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ARS Home » Research » Publications at this Location » Publication #61231


item Perkins Veazie, Penelope
item Collins, Julie

Submitted to: Advances in Strawberry Research
Publication Type: Peer Reviewed Journal
Publication Acceptance Date: 5/1/1995
Publication Date: N/A
Citation: N/A

Interpretive Summary: Strawberries have a short shelflife of 5 to 7 days. Fruit must be harvested near full ripeness, making them soft and susceptible to injury and decay. High quality fruit are bright red, sweet, firm, and flavorful. For fresh market use, fruit are cooled as soon as possible and maintained under refrigeration. For processing, fruit are cooled then individually quick frozen. There are new technologies and research on strawberries to enhance shelflife before and after harvest. These include use of controlled atmosphere storage, where fruit are stored under high levels of carbon dioxide, the use of naturally produced volatiles to inhibit fungal growth, and the use of molecular biology to locate the genes responsible for softening and ripening.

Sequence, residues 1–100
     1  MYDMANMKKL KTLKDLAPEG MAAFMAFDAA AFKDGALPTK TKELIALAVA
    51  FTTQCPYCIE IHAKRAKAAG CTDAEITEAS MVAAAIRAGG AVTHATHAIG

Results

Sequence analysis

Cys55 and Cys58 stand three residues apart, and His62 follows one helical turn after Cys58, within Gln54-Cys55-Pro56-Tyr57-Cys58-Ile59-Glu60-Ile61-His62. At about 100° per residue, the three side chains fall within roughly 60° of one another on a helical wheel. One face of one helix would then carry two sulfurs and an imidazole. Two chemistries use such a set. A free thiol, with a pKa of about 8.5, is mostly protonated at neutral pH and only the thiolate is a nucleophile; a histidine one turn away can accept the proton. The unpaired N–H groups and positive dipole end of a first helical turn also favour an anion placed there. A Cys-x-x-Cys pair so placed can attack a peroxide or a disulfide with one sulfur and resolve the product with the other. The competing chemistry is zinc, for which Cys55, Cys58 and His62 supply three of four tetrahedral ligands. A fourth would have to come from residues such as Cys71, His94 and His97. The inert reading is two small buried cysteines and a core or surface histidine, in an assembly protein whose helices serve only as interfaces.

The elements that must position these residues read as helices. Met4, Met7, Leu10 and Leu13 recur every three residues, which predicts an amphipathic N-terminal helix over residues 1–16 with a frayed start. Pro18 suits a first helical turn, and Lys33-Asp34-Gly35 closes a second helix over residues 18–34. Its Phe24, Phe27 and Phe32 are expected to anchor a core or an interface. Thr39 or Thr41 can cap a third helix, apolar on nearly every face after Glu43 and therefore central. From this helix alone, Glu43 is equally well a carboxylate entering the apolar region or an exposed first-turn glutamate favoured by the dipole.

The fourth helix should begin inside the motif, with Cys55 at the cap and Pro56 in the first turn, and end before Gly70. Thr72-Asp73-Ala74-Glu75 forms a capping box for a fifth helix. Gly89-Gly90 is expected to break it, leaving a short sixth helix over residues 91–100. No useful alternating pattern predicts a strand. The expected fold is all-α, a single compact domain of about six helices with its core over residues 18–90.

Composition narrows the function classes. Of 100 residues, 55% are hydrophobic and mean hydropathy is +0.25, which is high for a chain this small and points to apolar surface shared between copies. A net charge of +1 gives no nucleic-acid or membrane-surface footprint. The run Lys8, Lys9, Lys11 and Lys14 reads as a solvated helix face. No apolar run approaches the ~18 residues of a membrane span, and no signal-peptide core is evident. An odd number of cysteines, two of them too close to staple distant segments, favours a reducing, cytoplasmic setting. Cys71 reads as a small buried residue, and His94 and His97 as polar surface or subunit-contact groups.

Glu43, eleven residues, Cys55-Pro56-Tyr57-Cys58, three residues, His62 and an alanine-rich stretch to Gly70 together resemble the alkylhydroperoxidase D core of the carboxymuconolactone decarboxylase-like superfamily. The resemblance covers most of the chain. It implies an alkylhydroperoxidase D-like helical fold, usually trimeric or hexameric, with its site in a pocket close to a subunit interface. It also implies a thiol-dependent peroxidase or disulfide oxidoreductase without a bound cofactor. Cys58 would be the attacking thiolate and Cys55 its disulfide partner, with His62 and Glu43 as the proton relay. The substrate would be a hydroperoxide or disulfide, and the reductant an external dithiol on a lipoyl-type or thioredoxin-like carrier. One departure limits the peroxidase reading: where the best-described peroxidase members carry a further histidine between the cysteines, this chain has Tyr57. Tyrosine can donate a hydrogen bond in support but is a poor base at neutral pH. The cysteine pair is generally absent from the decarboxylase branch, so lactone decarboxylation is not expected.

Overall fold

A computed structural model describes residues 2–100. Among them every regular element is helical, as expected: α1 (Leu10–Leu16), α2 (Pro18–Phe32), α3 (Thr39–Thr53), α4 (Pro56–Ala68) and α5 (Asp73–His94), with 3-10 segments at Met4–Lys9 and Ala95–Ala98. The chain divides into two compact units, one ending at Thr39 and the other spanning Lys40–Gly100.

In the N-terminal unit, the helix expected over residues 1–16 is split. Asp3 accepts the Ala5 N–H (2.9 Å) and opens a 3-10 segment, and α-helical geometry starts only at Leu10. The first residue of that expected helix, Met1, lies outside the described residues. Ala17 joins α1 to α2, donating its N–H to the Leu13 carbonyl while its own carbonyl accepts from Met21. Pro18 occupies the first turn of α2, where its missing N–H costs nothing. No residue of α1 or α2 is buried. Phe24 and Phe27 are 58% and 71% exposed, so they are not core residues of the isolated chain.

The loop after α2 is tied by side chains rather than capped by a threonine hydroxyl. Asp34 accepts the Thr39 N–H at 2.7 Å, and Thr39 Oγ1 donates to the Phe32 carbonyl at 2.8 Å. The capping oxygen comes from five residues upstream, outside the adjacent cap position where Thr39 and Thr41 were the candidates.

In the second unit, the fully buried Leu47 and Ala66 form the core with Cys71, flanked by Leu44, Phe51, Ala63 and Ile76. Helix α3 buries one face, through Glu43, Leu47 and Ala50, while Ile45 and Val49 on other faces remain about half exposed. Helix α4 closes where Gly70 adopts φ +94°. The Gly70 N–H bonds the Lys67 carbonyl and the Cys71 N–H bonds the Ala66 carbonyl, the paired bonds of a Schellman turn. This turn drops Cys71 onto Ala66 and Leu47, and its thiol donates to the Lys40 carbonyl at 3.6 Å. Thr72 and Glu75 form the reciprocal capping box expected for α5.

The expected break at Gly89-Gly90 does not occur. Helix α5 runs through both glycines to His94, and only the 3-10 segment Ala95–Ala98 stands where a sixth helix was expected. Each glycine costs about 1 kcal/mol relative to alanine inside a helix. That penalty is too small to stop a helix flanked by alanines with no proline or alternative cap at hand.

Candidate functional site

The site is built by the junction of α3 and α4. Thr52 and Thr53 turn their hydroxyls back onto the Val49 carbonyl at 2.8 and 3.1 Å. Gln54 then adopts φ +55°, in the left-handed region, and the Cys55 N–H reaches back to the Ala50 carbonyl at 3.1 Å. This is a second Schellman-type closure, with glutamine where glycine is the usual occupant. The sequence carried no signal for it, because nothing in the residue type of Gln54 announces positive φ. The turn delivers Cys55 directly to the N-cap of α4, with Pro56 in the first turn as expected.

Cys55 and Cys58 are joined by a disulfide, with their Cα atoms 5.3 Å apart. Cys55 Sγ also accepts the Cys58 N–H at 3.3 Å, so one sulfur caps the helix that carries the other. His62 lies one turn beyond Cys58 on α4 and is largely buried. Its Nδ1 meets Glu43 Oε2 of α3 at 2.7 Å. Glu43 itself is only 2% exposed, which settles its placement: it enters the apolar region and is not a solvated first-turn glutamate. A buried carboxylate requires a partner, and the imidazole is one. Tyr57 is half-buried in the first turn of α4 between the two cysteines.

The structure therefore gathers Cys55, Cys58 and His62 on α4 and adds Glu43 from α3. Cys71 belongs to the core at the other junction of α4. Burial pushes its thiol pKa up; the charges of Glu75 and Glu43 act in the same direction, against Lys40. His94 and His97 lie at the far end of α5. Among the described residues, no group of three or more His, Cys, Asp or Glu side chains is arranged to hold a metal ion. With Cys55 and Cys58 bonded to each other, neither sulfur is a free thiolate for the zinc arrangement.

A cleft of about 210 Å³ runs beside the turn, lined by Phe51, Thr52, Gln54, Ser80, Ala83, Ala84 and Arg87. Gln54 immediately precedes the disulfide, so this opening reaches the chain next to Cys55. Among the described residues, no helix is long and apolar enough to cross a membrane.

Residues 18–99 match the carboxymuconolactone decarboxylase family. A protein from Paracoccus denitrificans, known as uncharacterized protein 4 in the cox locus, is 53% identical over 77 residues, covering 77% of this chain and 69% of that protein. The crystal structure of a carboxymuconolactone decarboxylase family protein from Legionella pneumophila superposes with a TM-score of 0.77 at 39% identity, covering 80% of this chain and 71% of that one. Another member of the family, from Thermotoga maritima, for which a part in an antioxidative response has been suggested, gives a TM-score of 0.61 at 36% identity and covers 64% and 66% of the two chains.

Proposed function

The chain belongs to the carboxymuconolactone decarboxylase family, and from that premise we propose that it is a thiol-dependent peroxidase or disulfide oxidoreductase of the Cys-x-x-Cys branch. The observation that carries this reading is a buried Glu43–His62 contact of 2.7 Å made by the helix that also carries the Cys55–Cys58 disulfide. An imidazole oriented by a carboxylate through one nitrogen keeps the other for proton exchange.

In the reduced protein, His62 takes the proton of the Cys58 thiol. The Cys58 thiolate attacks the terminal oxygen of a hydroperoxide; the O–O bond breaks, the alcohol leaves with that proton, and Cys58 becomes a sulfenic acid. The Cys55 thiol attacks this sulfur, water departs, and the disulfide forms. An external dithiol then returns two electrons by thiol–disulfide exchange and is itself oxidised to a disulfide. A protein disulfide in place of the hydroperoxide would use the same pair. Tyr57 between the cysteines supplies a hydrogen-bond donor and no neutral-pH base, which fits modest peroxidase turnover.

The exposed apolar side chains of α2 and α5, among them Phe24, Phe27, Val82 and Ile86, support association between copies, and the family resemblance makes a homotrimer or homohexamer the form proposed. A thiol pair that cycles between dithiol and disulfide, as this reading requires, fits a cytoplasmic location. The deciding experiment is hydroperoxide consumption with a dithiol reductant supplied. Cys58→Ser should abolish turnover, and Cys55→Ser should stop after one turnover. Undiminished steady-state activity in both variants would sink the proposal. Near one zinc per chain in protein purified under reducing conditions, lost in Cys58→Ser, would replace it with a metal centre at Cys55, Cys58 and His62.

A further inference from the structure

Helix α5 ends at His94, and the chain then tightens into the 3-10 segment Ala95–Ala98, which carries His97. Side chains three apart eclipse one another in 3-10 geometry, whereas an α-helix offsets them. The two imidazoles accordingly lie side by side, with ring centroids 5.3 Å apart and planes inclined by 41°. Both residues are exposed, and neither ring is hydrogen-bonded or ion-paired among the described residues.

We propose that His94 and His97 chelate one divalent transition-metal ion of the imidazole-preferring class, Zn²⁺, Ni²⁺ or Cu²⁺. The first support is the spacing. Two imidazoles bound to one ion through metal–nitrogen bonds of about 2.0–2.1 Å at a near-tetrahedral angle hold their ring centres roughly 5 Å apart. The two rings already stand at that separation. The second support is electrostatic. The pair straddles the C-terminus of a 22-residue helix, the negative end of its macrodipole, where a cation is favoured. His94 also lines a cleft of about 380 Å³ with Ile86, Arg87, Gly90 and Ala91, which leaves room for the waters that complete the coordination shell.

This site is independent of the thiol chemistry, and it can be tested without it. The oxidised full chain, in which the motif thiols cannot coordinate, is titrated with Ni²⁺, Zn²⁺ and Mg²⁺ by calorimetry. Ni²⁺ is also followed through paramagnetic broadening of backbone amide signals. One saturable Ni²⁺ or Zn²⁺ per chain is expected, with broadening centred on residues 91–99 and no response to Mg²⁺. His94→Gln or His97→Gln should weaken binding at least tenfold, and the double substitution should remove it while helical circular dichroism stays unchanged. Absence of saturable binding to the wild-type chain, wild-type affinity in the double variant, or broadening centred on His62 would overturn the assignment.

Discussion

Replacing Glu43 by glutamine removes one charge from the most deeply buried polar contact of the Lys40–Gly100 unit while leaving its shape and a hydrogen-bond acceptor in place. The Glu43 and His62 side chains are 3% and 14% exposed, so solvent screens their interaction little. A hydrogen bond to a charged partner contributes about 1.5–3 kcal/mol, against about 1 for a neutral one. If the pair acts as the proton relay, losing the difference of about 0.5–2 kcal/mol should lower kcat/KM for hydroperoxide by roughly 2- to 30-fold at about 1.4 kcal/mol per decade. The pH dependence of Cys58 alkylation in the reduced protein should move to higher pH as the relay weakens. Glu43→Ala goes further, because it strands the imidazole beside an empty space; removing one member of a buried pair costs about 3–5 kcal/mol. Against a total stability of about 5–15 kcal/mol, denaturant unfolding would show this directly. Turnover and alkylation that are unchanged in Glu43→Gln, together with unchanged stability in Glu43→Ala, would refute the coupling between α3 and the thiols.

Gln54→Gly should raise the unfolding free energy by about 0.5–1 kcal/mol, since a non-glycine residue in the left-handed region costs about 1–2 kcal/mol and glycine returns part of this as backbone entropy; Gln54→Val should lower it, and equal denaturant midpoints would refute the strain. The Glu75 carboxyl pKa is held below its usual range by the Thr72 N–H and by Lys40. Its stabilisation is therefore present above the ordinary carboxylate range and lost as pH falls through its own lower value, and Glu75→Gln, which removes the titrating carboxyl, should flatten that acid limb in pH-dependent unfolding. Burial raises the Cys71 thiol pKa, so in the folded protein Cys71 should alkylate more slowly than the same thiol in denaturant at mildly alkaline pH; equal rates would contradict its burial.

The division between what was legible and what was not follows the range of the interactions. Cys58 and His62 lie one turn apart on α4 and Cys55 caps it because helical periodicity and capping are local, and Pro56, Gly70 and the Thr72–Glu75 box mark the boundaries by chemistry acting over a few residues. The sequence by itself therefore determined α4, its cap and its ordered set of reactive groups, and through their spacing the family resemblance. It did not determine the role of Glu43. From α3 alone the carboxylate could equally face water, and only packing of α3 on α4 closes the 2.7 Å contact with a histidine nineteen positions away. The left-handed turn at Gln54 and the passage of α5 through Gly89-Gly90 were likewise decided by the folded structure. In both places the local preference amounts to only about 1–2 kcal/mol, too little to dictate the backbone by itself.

Technical Abstract: Strawberry fruit are highly perishable. Fruit must be harvested when fully ripe and consequently are soft, have a high respiration rate, and are more susceptible to handling injury and decay. Postharvest handling for fresh market use requires removal of field heat followed by refrigeration during transit and storage. More widespread use of controlled atmosphere storage (high carbon dioxide) during transit and storage is being used to inhibit decay and maintain bright color. Individual quick freeze (IQF) is now being used more frequently for fruit destined for processing markets. New technologies for postharvest handling include use of hydrocooling, naturally produced volatiles or competitive organisms for fungal inhibition, and changes in packaging. Use of molecular biology and improved knowledge of strawberry aromatic biosynthesis may lead to firmer, more flavorful fruit with longer shelflife.